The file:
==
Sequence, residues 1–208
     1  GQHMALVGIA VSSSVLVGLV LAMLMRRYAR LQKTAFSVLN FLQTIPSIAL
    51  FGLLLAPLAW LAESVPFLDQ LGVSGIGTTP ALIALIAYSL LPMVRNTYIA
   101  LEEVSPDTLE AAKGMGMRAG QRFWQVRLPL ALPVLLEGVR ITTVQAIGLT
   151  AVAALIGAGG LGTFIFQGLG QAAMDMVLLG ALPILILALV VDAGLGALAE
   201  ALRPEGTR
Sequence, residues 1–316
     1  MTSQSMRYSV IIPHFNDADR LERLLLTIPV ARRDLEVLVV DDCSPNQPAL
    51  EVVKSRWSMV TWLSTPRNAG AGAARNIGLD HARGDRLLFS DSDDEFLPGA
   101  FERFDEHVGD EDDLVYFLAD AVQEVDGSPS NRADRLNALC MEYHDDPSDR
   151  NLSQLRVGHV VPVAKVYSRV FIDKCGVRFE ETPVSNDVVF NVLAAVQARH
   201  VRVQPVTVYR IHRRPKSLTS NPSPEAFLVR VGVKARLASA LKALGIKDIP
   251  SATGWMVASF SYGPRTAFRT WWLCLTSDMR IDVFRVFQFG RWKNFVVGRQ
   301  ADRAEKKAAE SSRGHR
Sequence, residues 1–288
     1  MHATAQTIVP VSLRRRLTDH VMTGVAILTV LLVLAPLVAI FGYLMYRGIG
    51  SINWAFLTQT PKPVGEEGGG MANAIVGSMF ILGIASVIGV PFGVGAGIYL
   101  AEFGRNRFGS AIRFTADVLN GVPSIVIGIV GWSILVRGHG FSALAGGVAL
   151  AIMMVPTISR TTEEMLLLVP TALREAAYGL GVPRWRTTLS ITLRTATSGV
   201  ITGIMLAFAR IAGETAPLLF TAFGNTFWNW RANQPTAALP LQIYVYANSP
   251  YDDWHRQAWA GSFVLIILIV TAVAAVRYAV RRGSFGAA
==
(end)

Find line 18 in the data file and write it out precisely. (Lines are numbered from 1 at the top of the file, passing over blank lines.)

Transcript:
   101  AEFGRNRFGS AIRFTADVLN GVPSIVIGIV GWSILVRGHG FSALAGGVAL